Connecting at our Aboriginal playgroup

June 26, 2024

For CatholicCare’s Aboriginal Community Engagement Manager, Judith, it took 11 misdiagnosed ear infections before finding out that her son had otitis media, more commonly known as glue ear. 

Aboriginal and Torres Strait Islander children experience some of the highest rates of otitis media in the world, and early diagnosis can affect speech and hearing later in life. “This is why connecting Aboriginal kids with cultural services and playgroups is so important. If we were connected to an Aboriginal playgroup, I’m sure someone would have picked up on his glue ear and it would have prevented his speech delays and pain,” says Judith. “He would’ve got grommets earlier, rather than having 11 unnecessary courses of antibiotics.”

Knowing personally how important it is to connect Aboriginal children with cultural services, Judith searched for Aboriginal and Torres Strait Islander playgroups in North Sydney when she started her role at CatholicCare in August. “There was nothing,” Judith says. Less than a year later, CatholicCare has its own Aboriginal and Torres Strait Islander Supported Playgroup and it is thriving. 

“Not only are we connecting Aboriginal children and families with support services, but we also are giving kids a chance to meet and connect with other kids from their culture. That social connection is so important,” Judith says. 

Intake Worker, Simone who facilitates the playgroup says that mums and dads come to yarn and share stories. “The conversation topics they come up with are usually very random but so interesting. One week, one of the mums shared about how she could now afford childcare after some recent subsidy changes for Aboriginal children. The other women weren’t aware of the subsidy changes, which shows how connecting and sharing information like this is so important. Personally, I have learnt so much since starting the playgroup.”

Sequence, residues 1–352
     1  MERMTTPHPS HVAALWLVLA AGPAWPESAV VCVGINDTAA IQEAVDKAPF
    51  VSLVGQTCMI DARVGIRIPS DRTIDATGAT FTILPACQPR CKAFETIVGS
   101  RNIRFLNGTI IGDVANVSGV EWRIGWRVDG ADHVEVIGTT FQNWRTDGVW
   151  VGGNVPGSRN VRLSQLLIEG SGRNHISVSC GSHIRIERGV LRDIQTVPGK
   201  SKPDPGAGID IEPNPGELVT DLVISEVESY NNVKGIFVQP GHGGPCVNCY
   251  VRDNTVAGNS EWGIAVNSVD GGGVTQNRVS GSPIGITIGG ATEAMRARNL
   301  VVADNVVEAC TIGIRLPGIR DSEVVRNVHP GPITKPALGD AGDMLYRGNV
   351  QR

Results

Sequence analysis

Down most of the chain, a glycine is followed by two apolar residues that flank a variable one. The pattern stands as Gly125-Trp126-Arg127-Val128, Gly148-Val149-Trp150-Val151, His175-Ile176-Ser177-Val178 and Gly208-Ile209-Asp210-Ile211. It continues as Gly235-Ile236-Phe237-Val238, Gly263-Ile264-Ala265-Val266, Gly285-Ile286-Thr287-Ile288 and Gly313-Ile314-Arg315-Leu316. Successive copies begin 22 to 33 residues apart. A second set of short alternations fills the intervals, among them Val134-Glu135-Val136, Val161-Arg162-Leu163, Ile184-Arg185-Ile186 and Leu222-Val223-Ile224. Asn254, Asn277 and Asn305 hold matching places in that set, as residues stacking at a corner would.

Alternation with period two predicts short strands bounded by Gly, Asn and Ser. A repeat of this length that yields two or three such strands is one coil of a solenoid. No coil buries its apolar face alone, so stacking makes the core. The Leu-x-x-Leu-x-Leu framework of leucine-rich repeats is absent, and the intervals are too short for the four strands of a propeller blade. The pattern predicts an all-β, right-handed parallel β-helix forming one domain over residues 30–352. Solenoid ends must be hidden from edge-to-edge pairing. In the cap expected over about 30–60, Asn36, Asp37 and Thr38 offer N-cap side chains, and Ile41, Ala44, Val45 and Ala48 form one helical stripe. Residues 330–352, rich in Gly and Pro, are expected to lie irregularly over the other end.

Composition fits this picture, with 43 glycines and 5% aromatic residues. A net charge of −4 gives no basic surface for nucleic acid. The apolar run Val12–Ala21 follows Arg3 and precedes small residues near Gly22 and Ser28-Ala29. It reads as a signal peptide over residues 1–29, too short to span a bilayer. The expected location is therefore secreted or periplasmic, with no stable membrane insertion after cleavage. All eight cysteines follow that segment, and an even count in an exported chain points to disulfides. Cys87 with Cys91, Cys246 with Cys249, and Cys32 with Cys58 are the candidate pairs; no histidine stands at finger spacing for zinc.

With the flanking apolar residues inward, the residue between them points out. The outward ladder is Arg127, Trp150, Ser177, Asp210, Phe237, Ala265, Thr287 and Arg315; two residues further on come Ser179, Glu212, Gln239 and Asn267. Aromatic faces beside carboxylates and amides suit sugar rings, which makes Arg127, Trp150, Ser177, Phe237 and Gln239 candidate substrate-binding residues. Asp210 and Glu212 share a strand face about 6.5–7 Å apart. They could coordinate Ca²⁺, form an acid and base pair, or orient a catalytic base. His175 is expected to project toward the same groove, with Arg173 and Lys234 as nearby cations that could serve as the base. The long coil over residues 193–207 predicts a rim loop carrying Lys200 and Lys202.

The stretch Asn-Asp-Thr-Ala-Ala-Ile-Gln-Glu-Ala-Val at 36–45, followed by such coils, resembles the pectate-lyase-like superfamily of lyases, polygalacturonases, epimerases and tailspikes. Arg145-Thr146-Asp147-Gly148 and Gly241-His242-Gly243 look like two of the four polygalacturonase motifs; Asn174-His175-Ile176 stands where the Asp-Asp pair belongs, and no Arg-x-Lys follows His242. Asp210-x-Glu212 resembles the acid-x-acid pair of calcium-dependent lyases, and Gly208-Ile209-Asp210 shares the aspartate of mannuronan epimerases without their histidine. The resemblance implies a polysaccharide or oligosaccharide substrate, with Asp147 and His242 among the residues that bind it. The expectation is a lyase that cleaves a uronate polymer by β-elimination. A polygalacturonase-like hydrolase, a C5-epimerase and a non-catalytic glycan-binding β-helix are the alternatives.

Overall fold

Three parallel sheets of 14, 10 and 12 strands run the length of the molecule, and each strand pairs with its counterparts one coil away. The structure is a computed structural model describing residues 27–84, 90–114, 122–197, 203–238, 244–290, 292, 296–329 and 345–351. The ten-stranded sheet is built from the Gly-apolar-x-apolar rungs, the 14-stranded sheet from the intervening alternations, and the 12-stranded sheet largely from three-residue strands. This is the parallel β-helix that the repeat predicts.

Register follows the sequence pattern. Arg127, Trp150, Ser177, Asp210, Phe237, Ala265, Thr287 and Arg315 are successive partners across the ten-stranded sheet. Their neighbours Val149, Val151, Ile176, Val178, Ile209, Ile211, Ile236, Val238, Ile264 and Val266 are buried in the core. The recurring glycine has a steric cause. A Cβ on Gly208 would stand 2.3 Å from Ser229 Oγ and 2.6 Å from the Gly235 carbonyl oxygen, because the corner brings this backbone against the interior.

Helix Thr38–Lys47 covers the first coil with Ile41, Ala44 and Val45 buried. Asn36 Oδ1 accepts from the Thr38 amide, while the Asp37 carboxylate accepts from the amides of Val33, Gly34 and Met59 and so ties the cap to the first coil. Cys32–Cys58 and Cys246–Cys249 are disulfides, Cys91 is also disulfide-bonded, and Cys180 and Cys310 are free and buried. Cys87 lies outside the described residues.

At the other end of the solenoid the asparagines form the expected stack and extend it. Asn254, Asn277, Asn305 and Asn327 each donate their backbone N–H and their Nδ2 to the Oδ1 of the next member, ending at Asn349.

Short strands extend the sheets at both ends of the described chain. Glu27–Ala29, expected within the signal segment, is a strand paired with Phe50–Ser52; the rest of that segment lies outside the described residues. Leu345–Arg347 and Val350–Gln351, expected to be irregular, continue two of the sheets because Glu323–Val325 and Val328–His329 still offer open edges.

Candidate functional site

Simone says that the playgroup attracts a diverse range of families. “One mum who attends with her children was brought up in typical white Australia and is married to an Aboriginal man. She is so invested in giving her children opportunities to connect with their culture. One of the other mums fosters an Aboriginal boy and she asks the most amazing questions, many of which stem from her background working in infant and perinatal health. There is also a single mum who comes every week because she says it’s the only playgroup where she feels comfortable.” 

Simone has loved watching the children grow in confidence and build connections with each other. “Each week the children jump out of their cars and run up the ramp to greet each other. They genuinely miss each other if someone doesn’t come. One of the girls proudly shares videos of her older sister doing Aboriginal dances. It is very special to see the way they have connected with each other and their culture over time.”

Judith, Simone, and the team have great hopes for the future of the playgroup. “Our hope is to build the service and connect with more families,” Judith says. “Our goal is to get information about the playgroup out further afield, and to form a Memorandum of Understanding with Northern Sydney Local Health District to grow the group.”

In the meantime, it is all about the yarning, the shared joy, and the little moments of connection. “These little kids rock my world,” says Simone. “It is very special being called ‘Aunty Simone’ by these guys.” 

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